[Prosemirror] Data lost after creating a Heading

Let’s say we have clients Alice and Bob.

  1. Alice is online, Bob is offline
  2. Alice enters # heading
  3. Bob enters 123
  4. Bob goes online

Now Alice receives Bob’s changes, but they’re discarded, only Alice’s heading is visible.

Here’s a video showing the issue: YJS/ProseMirror sync issue - YouTube

Could it be related to this: Offline, Peer-to-Peer, Collaborative Editing using Yjs - #34 by dmonad - Show - discuss.ProseMirror ?

This is, unfortunately, the expected behavior. The same would probably happen if you’d use prosemirror Collab.

Basically, the left client deletes the last paragraph and transforms it to a headline. The right client inserts into the paragraph that the other client deletes.

Prosemirror has a nested document structure. If you delete the parent you must also delete the children…


For offline scenarios you basically always want to check the changes that you merge before you commit them.

Kevin, thanks a lot. Makes sense now.

The same would probably happen if you’d use prosemirror Collab.

Just to be clear, prosemirror collab doesn’t have this issue. The video below show the same operations with PM collab.

Kevin, it sounds like merging changes to a tree structure is very difficult/impossible.

In this case we were thinking of rewriting our list implementation to avoid using a tree. there will be no list nodes, and ever list-item node will be at the same hierarchy (but have their own ident property).

Are we thinking about the problem in the right way?

I just wanna clear up that this question talks about 2 different issues:

1. Playing with list indentation - one client dedented, and then again indented a list item. This basically destroyed the list and created a new one. Meanwhile, another client made a bunch of changes to that list. However, the list is gone now.

This would be solved by using flat structure for lists. The indentation would just modify property of that list item, it wouldn’t destroy and recreate the list.

2. Converting empty paragraph to heading/list - one client creates a list item in an empty paragraph. Doing this destroys the paragraphs and created a list in its place. Other client writes into that paragraph, but the paragraph is destroyed.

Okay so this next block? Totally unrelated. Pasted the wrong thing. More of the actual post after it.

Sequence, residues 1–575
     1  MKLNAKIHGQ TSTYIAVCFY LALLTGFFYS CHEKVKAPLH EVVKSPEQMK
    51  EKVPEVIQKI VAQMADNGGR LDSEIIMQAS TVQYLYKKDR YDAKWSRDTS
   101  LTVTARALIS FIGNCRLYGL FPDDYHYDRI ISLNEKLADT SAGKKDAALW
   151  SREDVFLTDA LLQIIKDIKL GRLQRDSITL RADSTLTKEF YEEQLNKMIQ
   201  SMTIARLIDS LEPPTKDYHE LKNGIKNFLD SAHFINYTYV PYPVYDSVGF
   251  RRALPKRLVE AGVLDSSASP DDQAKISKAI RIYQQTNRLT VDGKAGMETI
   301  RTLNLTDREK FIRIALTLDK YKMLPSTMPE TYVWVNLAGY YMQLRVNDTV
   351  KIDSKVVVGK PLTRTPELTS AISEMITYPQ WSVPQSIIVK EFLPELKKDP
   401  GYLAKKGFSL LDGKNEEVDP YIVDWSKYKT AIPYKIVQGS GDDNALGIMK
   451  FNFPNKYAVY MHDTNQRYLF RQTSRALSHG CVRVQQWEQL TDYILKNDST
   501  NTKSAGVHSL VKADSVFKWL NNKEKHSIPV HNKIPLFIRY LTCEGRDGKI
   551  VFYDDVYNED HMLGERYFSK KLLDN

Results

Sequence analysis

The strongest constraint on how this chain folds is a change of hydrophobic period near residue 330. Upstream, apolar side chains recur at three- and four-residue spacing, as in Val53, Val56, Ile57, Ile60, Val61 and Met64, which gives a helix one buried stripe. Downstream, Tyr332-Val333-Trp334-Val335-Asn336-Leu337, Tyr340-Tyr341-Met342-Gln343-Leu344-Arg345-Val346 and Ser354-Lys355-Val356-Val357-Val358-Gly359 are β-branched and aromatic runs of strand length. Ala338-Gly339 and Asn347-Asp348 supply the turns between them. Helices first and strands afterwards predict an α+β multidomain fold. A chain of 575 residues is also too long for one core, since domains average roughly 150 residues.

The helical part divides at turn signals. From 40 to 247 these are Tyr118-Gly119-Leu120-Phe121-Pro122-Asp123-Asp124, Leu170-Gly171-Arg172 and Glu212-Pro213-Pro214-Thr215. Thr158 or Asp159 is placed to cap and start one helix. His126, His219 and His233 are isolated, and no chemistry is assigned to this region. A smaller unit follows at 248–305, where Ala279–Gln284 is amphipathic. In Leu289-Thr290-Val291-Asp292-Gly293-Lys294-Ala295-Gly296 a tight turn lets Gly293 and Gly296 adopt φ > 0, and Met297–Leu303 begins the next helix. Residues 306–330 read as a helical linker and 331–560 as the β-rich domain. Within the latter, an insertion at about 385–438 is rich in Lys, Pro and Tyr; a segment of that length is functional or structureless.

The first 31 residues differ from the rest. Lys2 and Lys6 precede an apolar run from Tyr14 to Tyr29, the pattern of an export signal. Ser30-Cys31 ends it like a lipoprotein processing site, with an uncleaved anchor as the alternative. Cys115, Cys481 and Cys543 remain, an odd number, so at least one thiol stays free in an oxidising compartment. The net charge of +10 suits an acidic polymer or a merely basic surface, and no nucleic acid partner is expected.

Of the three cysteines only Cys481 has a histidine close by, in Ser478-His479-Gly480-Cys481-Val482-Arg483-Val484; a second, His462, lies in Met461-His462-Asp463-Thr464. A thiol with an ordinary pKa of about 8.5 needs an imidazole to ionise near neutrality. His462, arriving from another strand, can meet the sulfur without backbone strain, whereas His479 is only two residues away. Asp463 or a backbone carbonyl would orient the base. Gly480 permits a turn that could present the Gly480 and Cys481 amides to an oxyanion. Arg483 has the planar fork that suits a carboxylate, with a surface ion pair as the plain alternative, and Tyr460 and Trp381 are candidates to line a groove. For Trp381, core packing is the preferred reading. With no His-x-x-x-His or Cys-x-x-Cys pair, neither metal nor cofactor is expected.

Using flat list is of no use here. This should be resolved in another way - for example maybe the document structure shouldn’t even allow for such thing as empty paragraph. Or typing into an empty paragraph should destroy that paragraph and create a new one.

one client dedented, and then again indented a list item. This basically destroyed the list and created a new one.

Changing the way how the document is represented in ProseMirror can help with this. If the list is represented as a list of <li depth="x"> allows users to concurrently change the depth field while others are working on it.

This would be solved by using flat structure for lists. The indentation would just modify property of that list item, it wouldn’t destroy and recreate the list.

Exactly!

one client creates a list item in an empty paragraph. Doing this destroys the paragraphs and created a list in its place. Other client writes into that paragraph, but the paragraph is destroyed.

The 1-on-1 mapping to prosemirror nodes is not ideal. Currently, we do have to delete the empty paragraph before we insert something of a different type. One way around it is to introduce a single <typography> tag that also works as a paragraph and as a list item by changing a single property.

I realize that this is not ideal, but we have to work within the constraints.

for example maybe the document structure shouldn’t even allow for such thing as empty paragraph. Or typing into an empty paragraph should destroy that paragraph and create a new one.

That would have other bad consequences. Other people might expect that everyone always sees the same content (even empty paragraphs). Deleting a paragraph and creating a new one seems like a good idea. However, you might still destroy unsynced changes to that paragraph.


My arguments for a lot of these changes is that:

  • Automatic merges can never be perfect (maybe if you’d introduce an AI), they can only get slightly better.
  • These kinds of merge conflicts don’t matter in realtime-collaboration mode (messages are exchanged within a few hundred milliseconds).
  • For merging changes produced while offline, you definitely want to compare the changes before merging them. I feel this is the real missing feature. Unfortunately, this is not yet natively possible in Yjs yet, but we will get there.